Fluoro-electrochemical microscopy reveals group specific differential susceptibility of phytoplankton towards oxidative damage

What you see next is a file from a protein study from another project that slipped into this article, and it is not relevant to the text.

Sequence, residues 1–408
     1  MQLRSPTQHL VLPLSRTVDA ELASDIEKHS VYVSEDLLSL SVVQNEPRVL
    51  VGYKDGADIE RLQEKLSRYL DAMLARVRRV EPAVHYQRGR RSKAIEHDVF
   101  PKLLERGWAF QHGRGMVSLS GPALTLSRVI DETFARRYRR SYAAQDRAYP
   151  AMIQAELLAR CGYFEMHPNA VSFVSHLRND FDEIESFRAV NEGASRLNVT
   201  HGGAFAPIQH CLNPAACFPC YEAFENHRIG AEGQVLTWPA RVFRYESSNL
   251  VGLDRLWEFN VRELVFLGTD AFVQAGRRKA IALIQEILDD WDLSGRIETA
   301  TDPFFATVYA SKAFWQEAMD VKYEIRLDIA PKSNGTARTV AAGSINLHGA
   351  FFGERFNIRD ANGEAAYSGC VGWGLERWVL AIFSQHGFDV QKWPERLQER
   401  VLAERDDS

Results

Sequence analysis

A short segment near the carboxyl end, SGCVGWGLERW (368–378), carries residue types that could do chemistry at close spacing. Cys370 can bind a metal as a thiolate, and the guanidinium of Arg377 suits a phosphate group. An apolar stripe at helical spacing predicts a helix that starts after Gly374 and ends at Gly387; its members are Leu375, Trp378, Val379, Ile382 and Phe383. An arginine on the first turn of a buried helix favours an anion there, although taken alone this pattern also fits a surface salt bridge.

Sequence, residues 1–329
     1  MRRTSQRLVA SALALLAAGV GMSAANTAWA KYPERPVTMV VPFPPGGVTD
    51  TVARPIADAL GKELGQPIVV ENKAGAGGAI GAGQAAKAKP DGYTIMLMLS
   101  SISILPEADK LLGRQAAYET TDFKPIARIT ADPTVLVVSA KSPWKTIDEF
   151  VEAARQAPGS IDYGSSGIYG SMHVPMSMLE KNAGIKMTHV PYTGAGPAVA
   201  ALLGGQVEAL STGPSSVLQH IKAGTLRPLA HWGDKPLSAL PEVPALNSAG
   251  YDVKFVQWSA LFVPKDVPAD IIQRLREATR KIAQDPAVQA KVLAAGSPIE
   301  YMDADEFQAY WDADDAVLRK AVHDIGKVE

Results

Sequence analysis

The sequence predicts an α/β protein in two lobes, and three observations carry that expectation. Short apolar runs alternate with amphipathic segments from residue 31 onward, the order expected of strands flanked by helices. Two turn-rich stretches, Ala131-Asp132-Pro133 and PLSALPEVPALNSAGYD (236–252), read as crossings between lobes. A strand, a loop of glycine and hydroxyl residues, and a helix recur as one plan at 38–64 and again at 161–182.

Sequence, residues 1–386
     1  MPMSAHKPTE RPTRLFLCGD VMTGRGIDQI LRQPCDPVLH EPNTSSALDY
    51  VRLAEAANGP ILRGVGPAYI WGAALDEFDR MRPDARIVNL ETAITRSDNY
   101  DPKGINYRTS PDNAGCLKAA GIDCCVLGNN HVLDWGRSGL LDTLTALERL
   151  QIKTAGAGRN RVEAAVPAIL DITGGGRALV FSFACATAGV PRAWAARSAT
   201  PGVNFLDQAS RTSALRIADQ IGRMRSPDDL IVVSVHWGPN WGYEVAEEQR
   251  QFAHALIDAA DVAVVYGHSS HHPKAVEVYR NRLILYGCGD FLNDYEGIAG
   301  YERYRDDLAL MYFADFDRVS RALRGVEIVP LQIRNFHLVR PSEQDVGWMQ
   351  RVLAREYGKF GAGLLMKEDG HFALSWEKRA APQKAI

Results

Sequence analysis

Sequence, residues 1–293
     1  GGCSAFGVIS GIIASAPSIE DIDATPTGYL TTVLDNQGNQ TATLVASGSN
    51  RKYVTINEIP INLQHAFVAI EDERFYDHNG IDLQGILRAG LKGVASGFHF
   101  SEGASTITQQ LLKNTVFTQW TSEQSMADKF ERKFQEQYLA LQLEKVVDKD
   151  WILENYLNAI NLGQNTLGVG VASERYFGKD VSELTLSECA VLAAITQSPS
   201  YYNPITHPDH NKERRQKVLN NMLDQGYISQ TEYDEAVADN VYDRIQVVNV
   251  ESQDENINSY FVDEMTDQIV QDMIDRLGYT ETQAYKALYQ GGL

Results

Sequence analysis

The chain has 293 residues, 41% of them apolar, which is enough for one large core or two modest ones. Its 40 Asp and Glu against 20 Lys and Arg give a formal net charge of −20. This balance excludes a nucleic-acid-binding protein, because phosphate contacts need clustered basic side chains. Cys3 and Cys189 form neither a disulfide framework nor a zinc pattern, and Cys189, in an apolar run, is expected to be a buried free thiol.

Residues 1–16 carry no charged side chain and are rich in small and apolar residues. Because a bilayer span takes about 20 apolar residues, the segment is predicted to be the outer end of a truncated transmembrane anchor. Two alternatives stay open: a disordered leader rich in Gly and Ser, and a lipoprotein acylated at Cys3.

In the vicinity of an electrode creating a highly oxidising environment the fluorescence – arising from the presence of chlorophyll-a – of single cellular phytoplankton becomes inhibited. Even for phytoplankton that are very comparable in size (ca. 2–20 μm) the rate of this (electro)chemically induced fluorescence inhibition differs significantly between phytoplankton species; the fluorescence signal of the freshwater algae Stichococcus bacillaris turns off ∼70 times faster than that of the marine coccolithophore Emiliana huxleyi. The varying behaviour reflects the differing susceptibility of these globally important phytoplankton species towards extreme levels of radical induced oxidative stress, indicating the physical and chemical properties of the plankton cell wall and membrane are very different between species, and are important in determining their susceptibility. These results have potential implications for the analytical detection and characterisation of phytoplankton cells in the natural environment.